Math Function "CEILING (number, significance)" does not work properly?

Math Function “CEILING (number, significance)” does not work properly?
Example 1: CELING (-1.24)
value is changed to “2” (and should be “-1”)
Example 2: CELING (-1.24, .1)
the value changes to “-1.3” (and should be “-1.2”)
in my opinion
for example, the function “FLOOR (number, significance)” - is working properly. And for negative values - the results of both functions - the same, but must be different.
Example 2: FLOOR (-1.24)
value will be changed to “-2”
Example 3: FLOOR (-1.24, .1)
value will be changed to “-1.3”
What is the reason?
I have checked the performance of the functions in this example:

SU2015 Pro 15.2.685 version of the 64-bit windows7

[quote=“arxutektor, post:1, topic:6269”]
Math Function “CEILING (number, significance)” does not work properly?
Example 1: CELING (-1.24)
value is changed to “2” (and should be “-1”)[/quote]

use Round(number, decimal places)

(though your example, Ceiling(-1.24) should return -2 (which it does for me)

but… Round(-1.24) returns -1

Example 2: CELING (-1.24, .1)
the value changes to “-1.3” (and should be “-1.2”)[/quote]

Round(-1.24, .1) will give -1.2

not sure but that’s the way it works with Ceiling in my spreadsheet application (numbers)… or, in that app, the signs for Ceiling have to match… =Ceiling(-1.56, -.1) gives you -1.6

no mixing of pos&neg… =Ceiling (1.654, -.25)
it will give a syntax error if trying to use that.

I think that the function itself is an “CEILING (number, significance)” - is not working properly.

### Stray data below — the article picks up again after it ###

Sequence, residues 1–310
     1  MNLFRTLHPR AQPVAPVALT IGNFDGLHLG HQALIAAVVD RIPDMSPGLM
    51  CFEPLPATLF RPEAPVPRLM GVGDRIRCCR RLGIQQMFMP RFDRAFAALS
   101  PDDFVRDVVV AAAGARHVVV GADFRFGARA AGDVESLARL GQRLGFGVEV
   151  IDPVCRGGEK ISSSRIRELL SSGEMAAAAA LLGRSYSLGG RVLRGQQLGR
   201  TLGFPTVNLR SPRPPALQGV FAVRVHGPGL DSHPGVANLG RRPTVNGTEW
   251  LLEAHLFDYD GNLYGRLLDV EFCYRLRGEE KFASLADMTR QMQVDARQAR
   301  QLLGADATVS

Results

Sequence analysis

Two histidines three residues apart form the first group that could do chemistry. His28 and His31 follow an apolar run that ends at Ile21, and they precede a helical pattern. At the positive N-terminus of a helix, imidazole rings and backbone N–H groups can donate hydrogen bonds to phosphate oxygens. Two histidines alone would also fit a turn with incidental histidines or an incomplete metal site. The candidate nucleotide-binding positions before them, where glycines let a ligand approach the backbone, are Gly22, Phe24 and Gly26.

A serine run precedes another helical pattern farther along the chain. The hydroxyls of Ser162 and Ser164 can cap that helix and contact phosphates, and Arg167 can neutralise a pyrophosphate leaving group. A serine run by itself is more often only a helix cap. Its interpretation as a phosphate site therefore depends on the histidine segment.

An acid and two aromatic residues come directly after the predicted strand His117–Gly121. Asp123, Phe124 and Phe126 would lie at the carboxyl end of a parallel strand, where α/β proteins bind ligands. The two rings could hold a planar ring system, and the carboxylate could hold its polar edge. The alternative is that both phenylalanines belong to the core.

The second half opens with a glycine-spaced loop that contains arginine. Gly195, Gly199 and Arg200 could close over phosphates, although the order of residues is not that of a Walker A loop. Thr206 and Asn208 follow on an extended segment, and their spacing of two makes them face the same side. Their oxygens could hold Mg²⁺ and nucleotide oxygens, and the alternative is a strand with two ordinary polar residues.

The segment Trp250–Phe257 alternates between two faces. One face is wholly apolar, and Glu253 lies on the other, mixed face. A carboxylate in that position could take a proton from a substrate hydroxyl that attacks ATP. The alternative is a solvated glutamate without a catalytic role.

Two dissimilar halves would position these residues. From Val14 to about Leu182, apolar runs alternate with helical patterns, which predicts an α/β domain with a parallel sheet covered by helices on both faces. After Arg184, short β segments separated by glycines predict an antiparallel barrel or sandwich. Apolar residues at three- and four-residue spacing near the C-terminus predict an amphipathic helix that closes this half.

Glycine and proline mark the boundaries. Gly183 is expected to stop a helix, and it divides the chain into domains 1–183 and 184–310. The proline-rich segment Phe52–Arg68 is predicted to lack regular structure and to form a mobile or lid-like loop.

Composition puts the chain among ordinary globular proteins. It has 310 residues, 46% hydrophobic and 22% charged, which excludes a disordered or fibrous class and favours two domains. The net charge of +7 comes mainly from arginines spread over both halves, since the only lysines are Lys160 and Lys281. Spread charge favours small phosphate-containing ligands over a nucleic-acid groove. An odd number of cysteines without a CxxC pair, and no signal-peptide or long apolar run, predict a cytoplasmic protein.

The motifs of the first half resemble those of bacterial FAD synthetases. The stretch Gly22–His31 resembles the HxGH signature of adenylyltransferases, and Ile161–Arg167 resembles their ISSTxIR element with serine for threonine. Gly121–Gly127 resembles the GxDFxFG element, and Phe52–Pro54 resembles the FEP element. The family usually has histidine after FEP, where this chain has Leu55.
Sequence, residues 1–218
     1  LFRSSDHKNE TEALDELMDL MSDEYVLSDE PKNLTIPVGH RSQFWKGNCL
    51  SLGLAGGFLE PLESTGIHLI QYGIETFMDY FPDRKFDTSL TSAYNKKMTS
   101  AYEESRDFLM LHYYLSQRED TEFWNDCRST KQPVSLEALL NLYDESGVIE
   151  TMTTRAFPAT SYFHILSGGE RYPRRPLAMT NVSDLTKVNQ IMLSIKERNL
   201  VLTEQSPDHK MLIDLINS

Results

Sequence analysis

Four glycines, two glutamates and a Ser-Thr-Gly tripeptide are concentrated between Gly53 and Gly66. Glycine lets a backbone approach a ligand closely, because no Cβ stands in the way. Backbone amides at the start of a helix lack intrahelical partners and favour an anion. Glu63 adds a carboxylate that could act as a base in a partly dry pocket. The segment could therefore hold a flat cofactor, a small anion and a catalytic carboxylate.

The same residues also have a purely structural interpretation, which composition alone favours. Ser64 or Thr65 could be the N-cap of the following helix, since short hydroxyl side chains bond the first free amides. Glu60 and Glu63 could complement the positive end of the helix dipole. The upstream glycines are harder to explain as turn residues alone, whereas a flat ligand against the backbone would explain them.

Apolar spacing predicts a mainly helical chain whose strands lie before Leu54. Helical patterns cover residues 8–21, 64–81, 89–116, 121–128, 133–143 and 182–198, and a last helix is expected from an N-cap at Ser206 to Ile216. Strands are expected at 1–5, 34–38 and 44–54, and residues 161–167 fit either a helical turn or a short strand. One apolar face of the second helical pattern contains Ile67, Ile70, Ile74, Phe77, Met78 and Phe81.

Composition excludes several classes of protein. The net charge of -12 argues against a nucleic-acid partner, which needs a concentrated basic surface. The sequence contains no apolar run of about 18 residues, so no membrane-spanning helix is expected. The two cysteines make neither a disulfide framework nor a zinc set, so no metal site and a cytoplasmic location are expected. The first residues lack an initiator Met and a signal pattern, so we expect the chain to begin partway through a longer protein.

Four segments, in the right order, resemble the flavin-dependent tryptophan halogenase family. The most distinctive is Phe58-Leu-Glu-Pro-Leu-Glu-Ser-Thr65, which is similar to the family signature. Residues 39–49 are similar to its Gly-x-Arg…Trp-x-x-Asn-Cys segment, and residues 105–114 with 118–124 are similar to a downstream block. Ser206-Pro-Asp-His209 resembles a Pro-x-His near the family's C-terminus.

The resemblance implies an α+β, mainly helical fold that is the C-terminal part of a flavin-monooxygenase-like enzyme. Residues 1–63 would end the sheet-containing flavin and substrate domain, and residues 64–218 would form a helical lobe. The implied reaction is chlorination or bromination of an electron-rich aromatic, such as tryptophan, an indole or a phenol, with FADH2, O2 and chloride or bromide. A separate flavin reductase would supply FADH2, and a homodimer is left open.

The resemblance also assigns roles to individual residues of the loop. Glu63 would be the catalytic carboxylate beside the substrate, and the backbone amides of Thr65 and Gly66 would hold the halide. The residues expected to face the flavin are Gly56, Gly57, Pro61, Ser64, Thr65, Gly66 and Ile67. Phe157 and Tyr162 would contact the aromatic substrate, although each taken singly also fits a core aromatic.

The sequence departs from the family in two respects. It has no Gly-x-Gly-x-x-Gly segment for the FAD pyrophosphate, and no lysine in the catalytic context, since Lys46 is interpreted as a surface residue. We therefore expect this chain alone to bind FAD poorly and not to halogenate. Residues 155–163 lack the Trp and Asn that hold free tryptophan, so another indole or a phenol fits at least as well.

In other program languages, Ceiling(-1,24) will return -1.
Examples for C#:

     Value          Ceiling          Floor        Round
      7.03                8              7            7
      7.64                8              7            8
      0.12                1              0            0
     -0.12                0             -1            0
      -7.1               -7             -8           -7
      -7.6               -7             -8           -8

Yes I Am. Therefore, I believe that there is a incorrect operation of function.
This is - a mathematical function, and its logic should not differ from other programs to mine.

that’s how python works as well… however, earlier i said “i’m not sure why but this is how it works in my spreadsheet app”… it’s different there.

i don’t have excel to try but using

or trying to use =Ceiling(-1.24, .1) in my spreadsheet app (

so i guess the question becomes… which spreadsheet or programming language should dynamic component’s Ceiling function be consistent with? because there doesn’t seem to be consistency in general with the function as shown above.

generally, spreadsheets have RoundUp and RoundDown functions (which i believe are missing from DC)… but in numbers, i’d have to do something like
if x<0 roundDown(x) else roundUp
in order to get similar functionality as i get with python ceiling…

1 Like

the unfortunate workaround in dynamic components to get similar functionality as python seems to be something like:


…and it’s going to get more confusing when adding significant values amongst all of that :wink:

arxutektor makes a valid point. The “ceiling” function in mathematics is defined differently than the CEILING function in SketchUp DC (which is “The CEILING function rounds a number to the nearest integer or multiple of significance”).

Using Excel 2010, I get the following:

Wikipedia notes: